There is considerable interest from policymakers and scientists around the world around how artificial intelligence is going to transform their work. In their haste to jump on the AI bandwagon, however, everybody is forgetting we have not solved some older, deeper problems about data that will stymie attempts to get the technology off the ground.
The UK National Audit Office recently noted that data are often not seen as a priority in government, and that this hampers policymaking. Despite the fact that so many policy challenges — from obesity to climate change — are cross-departmental, the government does not think about data in a joined-up way.
With the 2021 census fast approaching, the Office for National Statistics is going to rely more than ever on piecing together data from other departments. The biggest concern the Statistics Authority, the regulator of official statistics, has about the census is that the ONS may not be able to obtain data from departments when it is needed.
This seems a failure of leadership: we have the data, we just cannot get the incentives and controls right to share it properly. And yet, while there are many excited conversations about AI in the civil service, few seem keen to discuss the difficulties posed by data sharing without which AI applications will not have the raw materials to learn from.
Conversations about data ethics also lack a practical focus. Take healthcare data: there are critical ethical discussions to be had with the public about how their data are used. Treatments could be improved if all patient data were used. So do we want a data collection system that allows individuals to opt out? Or a “social contract” model where everyone’s data are used for the benefit of all? These are old data problems, not new AI issues. And yet the new tech will not get off the ground if the debates are not had.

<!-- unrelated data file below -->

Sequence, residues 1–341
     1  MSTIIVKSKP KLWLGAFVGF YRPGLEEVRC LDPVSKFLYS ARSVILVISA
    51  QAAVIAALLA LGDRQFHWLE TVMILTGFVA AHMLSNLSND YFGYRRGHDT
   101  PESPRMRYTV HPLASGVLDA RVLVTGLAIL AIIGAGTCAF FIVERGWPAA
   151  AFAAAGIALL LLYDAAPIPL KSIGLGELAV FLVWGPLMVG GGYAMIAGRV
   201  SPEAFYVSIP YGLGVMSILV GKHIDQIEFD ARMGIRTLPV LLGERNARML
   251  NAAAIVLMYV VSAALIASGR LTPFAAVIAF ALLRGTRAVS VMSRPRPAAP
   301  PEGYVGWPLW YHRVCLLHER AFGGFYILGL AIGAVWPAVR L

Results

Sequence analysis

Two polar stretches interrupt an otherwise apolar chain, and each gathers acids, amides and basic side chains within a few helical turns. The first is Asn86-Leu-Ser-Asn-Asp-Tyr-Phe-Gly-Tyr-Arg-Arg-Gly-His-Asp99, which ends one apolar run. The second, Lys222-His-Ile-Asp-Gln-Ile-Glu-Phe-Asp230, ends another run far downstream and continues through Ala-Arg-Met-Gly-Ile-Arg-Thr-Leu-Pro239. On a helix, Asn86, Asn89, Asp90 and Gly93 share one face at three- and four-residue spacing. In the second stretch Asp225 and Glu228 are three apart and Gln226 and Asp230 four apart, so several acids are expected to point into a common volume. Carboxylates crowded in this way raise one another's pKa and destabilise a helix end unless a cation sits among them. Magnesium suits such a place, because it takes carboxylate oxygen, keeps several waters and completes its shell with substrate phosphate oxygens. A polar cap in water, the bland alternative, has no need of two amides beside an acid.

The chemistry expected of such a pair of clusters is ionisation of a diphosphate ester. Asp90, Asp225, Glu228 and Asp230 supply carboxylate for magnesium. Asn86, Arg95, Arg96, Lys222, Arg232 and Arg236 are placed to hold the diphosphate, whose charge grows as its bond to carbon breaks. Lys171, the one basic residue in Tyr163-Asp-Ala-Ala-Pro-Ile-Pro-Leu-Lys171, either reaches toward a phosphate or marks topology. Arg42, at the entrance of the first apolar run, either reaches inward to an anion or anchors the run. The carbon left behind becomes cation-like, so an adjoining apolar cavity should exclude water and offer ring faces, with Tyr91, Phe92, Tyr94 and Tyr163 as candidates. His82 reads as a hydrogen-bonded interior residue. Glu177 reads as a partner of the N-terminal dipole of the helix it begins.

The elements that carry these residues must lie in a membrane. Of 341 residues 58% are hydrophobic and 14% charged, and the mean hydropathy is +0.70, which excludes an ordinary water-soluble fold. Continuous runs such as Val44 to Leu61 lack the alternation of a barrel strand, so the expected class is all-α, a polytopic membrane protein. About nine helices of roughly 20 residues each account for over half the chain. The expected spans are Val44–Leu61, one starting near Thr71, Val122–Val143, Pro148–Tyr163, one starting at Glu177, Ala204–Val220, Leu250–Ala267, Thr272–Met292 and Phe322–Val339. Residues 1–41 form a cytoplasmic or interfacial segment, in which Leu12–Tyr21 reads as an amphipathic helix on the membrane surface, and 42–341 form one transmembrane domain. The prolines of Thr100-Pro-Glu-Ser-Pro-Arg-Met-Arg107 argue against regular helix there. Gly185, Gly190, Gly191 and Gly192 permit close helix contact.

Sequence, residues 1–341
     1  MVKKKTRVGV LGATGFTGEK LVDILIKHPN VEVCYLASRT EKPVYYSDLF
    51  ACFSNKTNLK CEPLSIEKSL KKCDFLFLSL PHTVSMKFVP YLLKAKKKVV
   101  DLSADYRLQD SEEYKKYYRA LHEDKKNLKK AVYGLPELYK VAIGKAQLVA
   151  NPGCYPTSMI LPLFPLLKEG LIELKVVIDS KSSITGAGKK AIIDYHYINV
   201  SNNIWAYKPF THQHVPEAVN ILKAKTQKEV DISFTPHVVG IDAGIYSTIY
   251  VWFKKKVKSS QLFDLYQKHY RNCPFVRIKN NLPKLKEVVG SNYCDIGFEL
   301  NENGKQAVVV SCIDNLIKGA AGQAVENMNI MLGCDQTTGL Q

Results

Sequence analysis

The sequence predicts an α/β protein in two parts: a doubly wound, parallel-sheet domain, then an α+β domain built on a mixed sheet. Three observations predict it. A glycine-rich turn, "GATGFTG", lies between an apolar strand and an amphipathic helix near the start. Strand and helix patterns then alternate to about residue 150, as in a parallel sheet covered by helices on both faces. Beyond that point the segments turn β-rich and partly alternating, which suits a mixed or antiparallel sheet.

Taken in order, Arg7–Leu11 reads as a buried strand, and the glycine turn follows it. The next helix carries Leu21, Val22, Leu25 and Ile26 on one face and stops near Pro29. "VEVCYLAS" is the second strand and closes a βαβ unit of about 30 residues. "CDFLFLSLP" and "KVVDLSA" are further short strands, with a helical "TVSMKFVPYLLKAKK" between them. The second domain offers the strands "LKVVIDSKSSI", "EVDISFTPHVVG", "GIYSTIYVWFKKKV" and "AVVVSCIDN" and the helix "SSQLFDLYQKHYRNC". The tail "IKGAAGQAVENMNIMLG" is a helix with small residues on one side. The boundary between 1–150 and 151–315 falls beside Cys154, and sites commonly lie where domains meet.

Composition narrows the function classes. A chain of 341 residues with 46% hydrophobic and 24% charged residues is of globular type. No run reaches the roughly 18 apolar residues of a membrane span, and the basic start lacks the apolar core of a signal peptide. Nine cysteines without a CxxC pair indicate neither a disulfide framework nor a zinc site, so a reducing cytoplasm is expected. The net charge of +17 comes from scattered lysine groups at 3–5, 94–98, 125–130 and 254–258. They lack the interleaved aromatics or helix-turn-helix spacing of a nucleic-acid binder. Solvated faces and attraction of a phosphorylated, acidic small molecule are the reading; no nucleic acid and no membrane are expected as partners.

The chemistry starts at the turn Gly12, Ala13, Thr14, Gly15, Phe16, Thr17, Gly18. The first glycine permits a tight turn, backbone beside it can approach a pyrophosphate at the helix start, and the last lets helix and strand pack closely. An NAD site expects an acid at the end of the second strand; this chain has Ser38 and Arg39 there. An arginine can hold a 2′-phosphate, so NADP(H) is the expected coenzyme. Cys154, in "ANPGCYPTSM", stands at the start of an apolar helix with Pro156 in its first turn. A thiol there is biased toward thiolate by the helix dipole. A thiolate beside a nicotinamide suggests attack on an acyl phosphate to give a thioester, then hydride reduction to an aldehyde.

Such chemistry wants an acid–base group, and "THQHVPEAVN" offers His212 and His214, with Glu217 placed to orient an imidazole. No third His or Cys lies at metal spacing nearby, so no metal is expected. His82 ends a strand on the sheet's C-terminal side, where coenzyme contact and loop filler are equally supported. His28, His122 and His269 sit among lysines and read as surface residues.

The UK is on course for a considerable expansion of investment in research. But science’s dirty secret is that nobody knows how much research is not statistically robust. Earlier this year, some of the world’s top statisticians argued for the notion of “statistical significance” to be dropped, as it was leading to erroneous or overstated claims.
The British government has set up a new council, UK Research and Innovation, which is investing significant amounts of money in AI. It also has an opportunity to help scientists strengthen the way they use data — especially those who may not have had much statistical training.
AI enthusiasts believe that new technologies will give us better evidence to inform policy. But improving the evidence is only one part of the job: we need greater demand for it both from policymakers and the public. We are living through a period in which leading politicians want easy answers to difficult questions. There is no technical fix to this, although AI evangelists often see everything as a technical matter.
So far, use of AI in government has been fairly simplistic. Many applications are little more than complex algorithms based on historical data. Unaware of the challenges of design, analysis and modelling, naive users may jump in where experienced statisticians fear to tread.
In fact there may be many areas where it would be both more accurate and more transparent to use old-fashioned statistics in place of opaque machine learning. For example, as a predictor of US recidivism, a complex machine-learning algorithm was no better than a simple linear-regression model.
As things stand, AI in government is like teenage sex: everyone is talking about it but no one is really doing it. That will continue unless we can solve some old data problems. Unfortunately, these tend to be perceived as too boring and difficult for anyone to have a go at tackling them.
The writer is executive director of the Royal Statistical Society